Sun over the trees now, I need to turn chair.
The classes seemed to say, “You must get married to fulfill your Christian duty, but here are all the things that can go wrong.” They were venting sessions that left me wondering what the point was.
The first person I told about Jeff was L. “I watched the lunar eclipse with a guy.”
She said nothing, raised her eyebrows and continued to fold hymns printed on paper into stars. I continued breathlessly telling her about our lunar party and how cold it was (8 F) and how close we’d stood and how we’d looked at books about constellations and how natural it looked when Frodo (on the back of my couch) perched/fell on Jeff’s left shoulder and stayed there upright.
The stars were for her own wedding coming up in a few months.
“I really like him,” I said.
She smiled at her stars and served me more tea.
A few months later, Jeff accompanied me to L’s beautiful wedding, complete with a string trio that played the haunting “Walking in the Air” before the ceremony. I sat suspended, mesmerized, remembering the Englishman who hummed the song for me on a boat in tropical New Zealand on a warm December day and what the song meant to me: freedom. Freedom in Christ, free from the blog posts, the Bible classes, the snide comments, the relationship columns, the fear, the rejection, the pain.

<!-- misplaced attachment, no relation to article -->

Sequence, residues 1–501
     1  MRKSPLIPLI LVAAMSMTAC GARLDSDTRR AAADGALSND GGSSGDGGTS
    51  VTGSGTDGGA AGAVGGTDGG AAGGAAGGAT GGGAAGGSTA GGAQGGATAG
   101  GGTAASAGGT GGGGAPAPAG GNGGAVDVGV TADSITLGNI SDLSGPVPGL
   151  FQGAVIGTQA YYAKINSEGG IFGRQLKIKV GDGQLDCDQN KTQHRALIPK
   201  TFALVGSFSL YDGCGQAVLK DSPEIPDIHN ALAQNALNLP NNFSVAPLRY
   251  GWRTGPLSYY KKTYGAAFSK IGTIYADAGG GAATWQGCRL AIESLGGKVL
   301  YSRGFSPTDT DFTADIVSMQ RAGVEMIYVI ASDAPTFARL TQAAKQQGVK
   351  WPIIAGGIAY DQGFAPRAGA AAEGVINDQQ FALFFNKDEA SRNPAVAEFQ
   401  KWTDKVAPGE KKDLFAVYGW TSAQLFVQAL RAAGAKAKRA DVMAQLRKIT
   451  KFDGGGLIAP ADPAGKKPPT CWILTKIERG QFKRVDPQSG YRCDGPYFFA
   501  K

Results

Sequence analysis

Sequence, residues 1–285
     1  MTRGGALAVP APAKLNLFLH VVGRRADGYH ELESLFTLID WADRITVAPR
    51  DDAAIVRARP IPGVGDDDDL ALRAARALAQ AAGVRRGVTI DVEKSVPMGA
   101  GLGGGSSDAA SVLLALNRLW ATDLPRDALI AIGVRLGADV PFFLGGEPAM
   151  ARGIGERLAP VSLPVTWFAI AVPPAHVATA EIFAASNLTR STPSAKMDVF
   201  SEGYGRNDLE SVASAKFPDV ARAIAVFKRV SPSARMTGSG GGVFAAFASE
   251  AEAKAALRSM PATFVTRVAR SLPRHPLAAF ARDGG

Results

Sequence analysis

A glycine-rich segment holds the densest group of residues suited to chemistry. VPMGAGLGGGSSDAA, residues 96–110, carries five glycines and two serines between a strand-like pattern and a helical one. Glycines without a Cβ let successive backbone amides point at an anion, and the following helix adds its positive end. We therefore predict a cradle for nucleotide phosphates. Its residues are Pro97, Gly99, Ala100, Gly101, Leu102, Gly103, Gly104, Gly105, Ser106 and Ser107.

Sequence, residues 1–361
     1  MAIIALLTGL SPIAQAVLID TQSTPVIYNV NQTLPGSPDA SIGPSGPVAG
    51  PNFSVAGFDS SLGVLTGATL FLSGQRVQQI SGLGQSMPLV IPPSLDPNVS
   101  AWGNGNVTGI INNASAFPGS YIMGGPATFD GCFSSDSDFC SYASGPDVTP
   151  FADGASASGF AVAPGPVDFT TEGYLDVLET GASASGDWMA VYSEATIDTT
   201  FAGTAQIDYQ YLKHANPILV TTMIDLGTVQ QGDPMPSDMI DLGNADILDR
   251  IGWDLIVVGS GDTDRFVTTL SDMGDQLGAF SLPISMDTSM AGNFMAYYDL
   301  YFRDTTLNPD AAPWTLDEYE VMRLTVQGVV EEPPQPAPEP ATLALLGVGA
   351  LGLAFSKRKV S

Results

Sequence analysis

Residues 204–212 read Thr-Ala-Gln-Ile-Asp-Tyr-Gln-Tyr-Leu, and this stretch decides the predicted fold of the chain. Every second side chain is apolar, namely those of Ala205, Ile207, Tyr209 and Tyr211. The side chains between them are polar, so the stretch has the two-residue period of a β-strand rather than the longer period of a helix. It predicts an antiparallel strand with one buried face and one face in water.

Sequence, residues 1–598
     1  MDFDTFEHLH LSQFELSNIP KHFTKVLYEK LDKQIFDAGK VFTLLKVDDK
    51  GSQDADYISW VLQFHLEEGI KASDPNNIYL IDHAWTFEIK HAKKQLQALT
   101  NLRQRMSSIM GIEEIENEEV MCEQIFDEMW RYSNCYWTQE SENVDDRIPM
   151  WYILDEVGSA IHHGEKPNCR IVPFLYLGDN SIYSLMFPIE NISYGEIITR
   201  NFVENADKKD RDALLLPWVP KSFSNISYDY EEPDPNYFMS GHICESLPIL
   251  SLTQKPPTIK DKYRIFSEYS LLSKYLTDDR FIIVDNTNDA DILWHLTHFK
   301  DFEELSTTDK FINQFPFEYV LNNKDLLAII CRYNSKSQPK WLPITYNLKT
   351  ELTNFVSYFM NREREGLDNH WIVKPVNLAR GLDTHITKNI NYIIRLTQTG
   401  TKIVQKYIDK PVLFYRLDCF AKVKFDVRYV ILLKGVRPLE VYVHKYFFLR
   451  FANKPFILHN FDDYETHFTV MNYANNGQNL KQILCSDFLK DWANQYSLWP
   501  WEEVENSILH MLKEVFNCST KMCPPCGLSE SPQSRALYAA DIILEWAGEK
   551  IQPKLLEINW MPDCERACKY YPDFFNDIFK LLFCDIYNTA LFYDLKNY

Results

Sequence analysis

Jeff was here.
And I had waited for him.
Only after writing all of that could I begin my story.
The first paragraph established the setting: a cemetery. It seemed fitting for all of the loss Jeff and I endured this year, loss of friends and of animals. My entire soul poured into eighteen paragraphs.
I continued writing in the margins as thoughts unrelated, and yet connected, to the story, weaved in and out of my consciousness. Near the reveal, I penned:
“It’s still painful to think about losing Szarlota. Yes, she was a sheep, but she was also my dog, greeting me at the gate, eager for a scratch under the chin. She was curious and liked to run and jump. Losing her was losing the foundation of a dream I’d had since high school: to raise my own Shetland flock, high-quality. The dream itself isn’t dead, but a huge chunk of the spirit of the dream is gone, much like in this story. The dream remains in pieces and those who are left with it must figure out how to put the pieces back together and make the dream stronger than it was before.”
Looking back at the women’s Bible studies, blog posts, articles, television shows, and everything else, I realized that everything that had been said crashed with lies that twisted in my heart to produce a perception that marriage was a scary monster, that it was to be avoided, and that every marriage was a disaster waiting to break down. There’s no way it could work, the lies said. Give up now. Resign to being single forever. Bury yourself in your job. Ignore your deepest longings. Let hate reign.
Luckily, I traveled to New Zealand and healed.
As I wrote, I could feel closure. After finishing the first draft, I retreated inside to conduct some research. I needed to examine maps and photographs and writings about history and cultural norms.
I was free.
“Tell me do you wanna go?
“Where it’s covered in all the colored lights
Where the runaways are runnin’ the night
Impossible comes true, it’s takin’ over you
Oh, this is the greatest show….”
To be continued.